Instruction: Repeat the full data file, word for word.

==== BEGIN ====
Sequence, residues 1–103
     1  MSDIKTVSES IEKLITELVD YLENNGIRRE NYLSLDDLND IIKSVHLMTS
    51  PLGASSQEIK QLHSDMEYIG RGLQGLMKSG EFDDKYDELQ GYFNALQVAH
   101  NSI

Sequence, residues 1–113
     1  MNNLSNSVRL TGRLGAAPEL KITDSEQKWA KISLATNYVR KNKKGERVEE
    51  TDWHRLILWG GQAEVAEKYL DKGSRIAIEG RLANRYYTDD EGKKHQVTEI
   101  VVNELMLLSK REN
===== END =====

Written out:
Sequence, residues 1–103
     1  MSDIKTVSES IEKLITELVD YLENNGIRRE NYLSLDDLND IIKSVHLMTS
    51  PLGASSQEIK QLHSDMEYIG RGLQGLMKSG EFDDKYDELQ GYFNALQVAH
   101  NSI

Sequence, residues 1–113
     1  MNNLSNSVRL TGRLGAAPEL KITDSEQKWA KISLATNYVR KNKKGERVEE
    51  TDWHRLILWG GQAEVAEKYL DKGSRIAIEG RLANRYYTDD EGKKHQVTEI
   101  VVNELMLLSK REN